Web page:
The flag of the hizbollah (the party of God) waving after the war on Israel in June 2006

A Socioeconomic History of Hezbollah: A Retrospective

In the ninth and final part of this series on the socioeconomic history of the Lebanese Shi’a group Hezbollah, Edwin Tran discusses the geopolitical, historical, cultural, and political currents that led to the rise of one of the most prominent Islamic militant groups in modern history, how that group sustained political legitimacy where other militant groups have failed, and how this history can teach lessons for countering insurgencies.

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As we complete our charting of Hezbollah throughout the course of the Lebanese Civil War, it is important to recognize that these things are not frozen in stasis. The political situation in an environment as volatile and as dynamic as the Levant means that many changes have occurred from one particular period of history to the present. With this in mind, Hezbollah as a political organization, as a militant faction, and as a provider of social services are all facets that ring true to the present day and in fact, the organization has emulated the PLO’s attempts at creating a state-within-a-state in Lebanon. Dozens of reports and sources bring light to Hezbollah-operated hospitals and food banks that continue to operate to this day. These institutions have helped Hezbollah gain substantial ground in Lebanon’s political structure. The most recent elections held in May, 2018 saw the organization receive 13 seats in Parliament, and the bloc representing Hezbollah and its allies (known as the March 8th Alliance) made substantial gains against their opposition. Several members of the recently formed Lebanese Cabinet were pulled from Hezbollah parliamentarians, including Youth and Sports Minister Mohhamed Fneish and Minister of State for Parliamentary Affairs Mahmoud Qmati. What these points help illustrate is that Hezbollah has become a legitimate political and social force within the Lebanese context. Though disagreements on the nature of Hezbollah continue to arise (as seen in the United Kingdom’s most recent development), it is the organization’s place on the ground level of civil society that is most paramount.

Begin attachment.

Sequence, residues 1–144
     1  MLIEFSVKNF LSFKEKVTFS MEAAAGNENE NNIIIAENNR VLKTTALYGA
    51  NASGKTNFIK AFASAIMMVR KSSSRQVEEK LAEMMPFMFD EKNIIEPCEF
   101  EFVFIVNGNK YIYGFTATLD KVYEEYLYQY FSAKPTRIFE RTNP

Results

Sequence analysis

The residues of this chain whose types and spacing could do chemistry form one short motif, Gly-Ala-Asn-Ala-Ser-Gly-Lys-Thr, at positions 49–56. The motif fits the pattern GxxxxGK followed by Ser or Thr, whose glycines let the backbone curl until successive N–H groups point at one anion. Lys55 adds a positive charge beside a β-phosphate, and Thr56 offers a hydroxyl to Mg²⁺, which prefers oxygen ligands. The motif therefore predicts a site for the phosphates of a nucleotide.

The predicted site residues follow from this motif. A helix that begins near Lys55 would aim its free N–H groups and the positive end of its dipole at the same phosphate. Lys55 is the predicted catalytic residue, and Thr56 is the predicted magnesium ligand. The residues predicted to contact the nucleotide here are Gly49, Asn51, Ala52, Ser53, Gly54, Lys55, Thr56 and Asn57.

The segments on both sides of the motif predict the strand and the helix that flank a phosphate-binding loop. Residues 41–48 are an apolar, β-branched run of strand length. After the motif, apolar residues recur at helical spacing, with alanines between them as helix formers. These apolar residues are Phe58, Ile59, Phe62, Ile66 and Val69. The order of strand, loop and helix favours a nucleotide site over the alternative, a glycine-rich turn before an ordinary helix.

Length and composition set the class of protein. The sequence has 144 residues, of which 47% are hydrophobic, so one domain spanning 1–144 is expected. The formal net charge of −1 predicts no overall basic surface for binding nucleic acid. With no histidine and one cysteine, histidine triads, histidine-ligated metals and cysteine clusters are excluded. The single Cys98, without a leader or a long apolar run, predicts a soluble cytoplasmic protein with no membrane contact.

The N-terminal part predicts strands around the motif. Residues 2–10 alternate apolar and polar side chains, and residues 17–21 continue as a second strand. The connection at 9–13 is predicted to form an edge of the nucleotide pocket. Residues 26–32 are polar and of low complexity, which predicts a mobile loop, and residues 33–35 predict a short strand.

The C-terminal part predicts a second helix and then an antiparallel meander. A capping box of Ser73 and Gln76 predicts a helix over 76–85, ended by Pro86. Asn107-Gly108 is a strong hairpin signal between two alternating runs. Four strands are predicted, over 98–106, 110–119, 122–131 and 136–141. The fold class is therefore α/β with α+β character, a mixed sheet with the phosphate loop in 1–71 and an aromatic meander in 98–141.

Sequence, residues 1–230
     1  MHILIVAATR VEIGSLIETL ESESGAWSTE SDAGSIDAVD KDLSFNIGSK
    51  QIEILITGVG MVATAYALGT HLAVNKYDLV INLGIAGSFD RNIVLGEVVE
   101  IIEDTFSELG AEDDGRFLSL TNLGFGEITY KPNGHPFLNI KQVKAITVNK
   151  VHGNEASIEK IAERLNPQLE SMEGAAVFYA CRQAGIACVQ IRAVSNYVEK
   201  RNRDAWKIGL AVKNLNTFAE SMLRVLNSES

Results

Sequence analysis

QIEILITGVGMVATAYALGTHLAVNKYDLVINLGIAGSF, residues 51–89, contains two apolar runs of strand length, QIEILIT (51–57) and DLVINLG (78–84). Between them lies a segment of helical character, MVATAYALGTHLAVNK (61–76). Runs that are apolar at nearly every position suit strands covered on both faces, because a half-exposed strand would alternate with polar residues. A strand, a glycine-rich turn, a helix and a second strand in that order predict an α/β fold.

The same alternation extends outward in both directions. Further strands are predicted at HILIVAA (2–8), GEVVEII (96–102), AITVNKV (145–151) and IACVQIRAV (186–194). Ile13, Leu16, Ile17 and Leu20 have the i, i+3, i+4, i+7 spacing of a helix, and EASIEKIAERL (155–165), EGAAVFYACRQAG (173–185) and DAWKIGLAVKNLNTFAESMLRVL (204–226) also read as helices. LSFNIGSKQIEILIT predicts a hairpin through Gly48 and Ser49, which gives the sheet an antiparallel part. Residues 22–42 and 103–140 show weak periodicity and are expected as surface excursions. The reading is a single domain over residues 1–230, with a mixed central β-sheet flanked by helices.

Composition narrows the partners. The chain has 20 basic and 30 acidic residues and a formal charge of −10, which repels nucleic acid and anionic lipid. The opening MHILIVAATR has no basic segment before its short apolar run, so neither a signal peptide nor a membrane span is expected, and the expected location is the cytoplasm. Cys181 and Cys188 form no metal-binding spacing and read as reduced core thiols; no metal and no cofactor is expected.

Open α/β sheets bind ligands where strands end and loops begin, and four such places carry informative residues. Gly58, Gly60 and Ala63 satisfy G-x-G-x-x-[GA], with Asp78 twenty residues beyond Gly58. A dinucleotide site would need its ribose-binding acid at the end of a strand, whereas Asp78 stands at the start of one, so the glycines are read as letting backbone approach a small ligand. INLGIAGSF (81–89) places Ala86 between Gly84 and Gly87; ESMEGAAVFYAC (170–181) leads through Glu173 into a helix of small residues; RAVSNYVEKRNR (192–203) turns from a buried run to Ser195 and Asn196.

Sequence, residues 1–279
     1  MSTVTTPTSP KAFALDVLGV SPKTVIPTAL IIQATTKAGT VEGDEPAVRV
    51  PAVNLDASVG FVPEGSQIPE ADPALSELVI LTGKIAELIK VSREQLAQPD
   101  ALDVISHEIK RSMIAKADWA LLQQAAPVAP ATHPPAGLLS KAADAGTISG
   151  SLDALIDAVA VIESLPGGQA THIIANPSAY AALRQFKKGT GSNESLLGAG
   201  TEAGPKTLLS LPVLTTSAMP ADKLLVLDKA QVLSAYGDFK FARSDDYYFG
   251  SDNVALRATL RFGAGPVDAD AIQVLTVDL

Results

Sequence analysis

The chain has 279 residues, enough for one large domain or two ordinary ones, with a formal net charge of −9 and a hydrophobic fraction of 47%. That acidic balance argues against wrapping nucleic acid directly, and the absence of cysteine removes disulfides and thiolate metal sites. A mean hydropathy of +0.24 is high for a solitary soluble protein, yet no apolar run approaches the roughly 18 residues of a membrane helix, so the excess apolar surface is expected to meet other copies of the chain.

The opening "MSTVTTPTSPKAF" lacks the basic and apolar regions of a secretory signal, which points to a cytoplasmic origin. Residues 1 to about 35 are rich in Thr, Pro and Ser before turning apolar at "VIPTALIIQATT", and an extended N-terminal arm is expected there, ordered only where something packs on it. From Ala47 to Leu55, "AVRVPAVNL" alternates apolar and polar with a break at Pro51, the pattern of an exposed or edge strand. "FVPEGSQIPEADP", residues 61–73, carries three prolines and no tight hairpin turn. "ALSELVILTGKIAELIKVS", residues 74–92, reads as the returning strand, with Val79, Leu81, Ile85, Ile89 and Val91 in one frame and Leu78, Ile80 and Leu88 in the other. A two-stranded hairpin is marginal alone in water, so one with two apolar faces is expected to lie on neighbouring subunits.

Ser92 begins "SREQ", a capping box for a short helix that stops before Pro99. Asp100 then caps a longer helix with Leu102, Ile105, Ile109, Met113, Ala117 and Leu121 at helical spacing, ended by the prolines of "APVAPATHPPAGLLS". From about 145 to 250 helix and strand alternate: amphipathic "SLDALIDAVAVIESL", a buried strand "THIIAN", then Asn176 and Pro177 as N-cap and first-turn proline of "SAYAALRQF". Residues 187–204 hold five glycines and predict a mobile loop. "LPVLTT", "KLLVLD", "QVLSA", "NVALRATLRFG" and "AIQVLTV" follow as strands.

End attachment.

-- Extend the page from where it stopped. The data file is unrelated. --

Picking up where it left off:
The Lebanese Civil War presents an understanding of how an Islamist, terrorist organisation can transform itself into a legitimate political vehicle. While new developments have arisen throughout the modern Middle East, some lessons can be derived from the trials experienced by Hezbollah. As noted before, the group’s commitment to social services indicated a desire at maintaining a state apparatus, and differed itself from Yasser Arafat’s PLO model by conducting its services with higher levels of sectarian inclusivity. While the general trend of Islamist terrorism has followed the al Qaeda model of small, discrete groups that engage in acts of suicide bombing and assassinations, it seems that there is growing trend in activities reminiscent of Hezbollah’s actions during the Lebanese Civil War. Groups like al Qaeda in the Arabian Peninsula (AQAP) and Hayat Tahrir al Sham (HTS), while incredibly distinct in their political ideology and religious theology, have attempted to establish their own quasi-state apparatuses in order to gain legitimacy in their respective territories of control. A recent Vice documentary highlighted the ever-changing nature of AQAP and how the organization has begun to move away from insurgent operations and instead focus on constructing playgrounds and schools for disenfranchised children in Yemen. HTS have attempted to maintain order and stability in their pockets of control in Idlib, Syria through similar methods (though salaries are reportedly smaller than what other groups have given). In fact, a principle commander of the organization, Abu Humam al-Shami, pondered at the “prospect of securing something viable along the lines of a ‘state within a state,’ as Hezbollah’s status in Lebanon is widely characterized.” These actions highlight an understanding that necessitates a local focus in order to gain political legitimacy.